The following table provides relevant information about organizational communications jobs:
|Career||Postsecondary Communications Teacher||Human Resources Manager||Public Relations Specialist|
|Degree Required||Ph.D. or Master's Degree||Bachelor's Degree||Bachelor's Degree|
|Key Responsibilities||Prepare and teach classes; conduct organizational communications research||Facilitate communications between management and employees; plan and implement company goals; consult with employees about benefit programs and disputes||Prepare press releases; give interviews to the media; ensure that all company activities are consistent with public relations efforts|
|Job Growth (2018-2028)*||5%||7%||6%|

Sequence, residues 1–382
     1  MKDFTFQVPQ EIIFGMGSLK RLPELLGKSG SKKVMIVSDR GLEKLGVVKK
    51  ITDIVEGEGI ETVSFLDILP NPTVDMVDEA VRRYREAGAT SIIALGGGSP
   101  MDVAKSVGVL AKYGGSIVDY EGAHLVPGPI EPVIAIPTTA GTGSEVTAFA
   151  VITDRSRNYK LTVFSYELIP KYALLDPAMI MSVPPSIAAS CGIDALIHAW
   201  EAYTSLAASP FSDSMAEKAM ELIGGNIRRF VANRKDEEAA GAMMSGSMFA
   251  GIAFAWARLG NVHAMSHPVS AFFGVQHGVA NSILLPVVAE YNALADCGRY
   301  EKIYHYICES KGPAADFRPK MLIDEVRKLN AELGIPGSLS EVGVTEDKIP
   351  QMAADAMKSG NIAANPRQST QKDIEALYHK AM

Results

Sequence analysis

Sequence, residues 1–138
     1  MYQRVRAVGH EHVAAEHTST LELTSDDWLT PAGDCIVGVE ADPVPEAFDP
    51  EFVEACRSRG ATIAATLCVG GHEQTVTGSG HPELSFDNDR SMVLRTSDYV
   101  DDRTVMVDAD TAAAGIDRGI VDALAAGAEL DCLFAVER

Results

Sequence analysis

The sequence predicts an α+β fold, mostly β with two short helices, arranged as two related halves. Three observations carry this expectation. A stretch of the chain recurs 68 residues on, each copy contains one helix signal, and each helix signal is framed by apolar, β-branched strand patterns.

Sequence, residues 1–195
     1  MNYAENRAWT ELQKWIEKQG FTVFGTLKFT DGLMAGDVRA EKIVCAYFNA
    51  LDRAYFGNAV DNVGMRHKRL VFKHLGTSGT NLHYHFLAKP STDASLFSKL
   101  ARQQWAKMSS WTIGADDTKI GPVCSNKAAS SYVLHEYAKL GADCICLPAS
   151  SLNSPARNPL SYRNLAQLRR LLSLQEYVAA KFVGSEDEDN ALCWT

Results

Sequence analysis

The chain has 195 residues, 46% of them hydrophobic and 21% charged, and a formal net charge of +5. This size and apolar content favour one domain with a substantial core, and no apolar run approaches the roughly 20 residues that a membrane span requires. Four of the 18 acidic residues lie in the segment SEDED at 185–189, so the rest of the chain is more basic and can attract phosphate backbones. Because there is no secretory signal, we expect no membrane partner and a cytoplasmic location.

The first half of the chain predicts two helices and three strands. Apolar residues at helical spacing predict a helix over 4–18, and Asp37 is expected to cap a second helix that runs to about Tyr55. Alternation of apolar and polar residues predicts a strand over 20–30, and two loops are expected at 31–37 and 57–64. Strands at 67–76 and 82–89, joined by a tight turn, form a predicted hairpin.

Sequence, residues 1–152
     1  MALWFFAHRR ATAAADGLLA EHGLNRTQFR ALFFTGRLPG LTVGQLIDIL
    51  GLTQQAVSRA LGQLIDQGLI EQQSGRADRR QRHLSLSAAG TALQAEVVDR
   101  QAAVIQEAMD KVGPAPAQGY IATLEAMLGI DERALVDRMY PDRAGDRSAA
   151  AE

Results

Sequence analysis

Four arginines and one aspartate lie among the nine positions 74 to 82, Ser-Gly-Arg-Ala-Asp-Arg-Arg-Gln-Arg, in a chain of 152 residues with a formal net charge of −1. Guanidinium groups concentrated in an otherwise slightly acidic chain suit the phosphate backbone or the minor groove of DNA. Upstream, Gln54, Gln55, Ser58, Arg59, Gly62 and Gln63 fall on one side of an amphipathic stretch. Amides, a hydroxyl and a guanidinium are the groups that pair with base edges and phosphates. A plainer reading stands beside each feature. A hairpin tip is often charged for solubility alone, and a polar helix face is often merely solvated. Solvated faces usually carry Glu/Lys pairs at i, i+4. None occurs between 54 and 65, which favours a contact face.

|Mean Salary (2018) *||$78,090||$126,700||$68,440|
*U.S. Bureau of Labor Statistics
What Is Organizational Communications?
Organizational communications is a subfield of communications that focuses on communication in organizational settings, such as companies, nonprofits and government agencies. Because of the complexity of organizations, especially large institutions that comprise many employees, departments and outside collaborators, it can sometimes be difficult for messages to be relayed between all relevant parties. The field of organizational communications aims to find ways to improve interactions between all moving parts within an organization, in order to increase efficiency and support the overall goals of the organization.
Where Will I Work?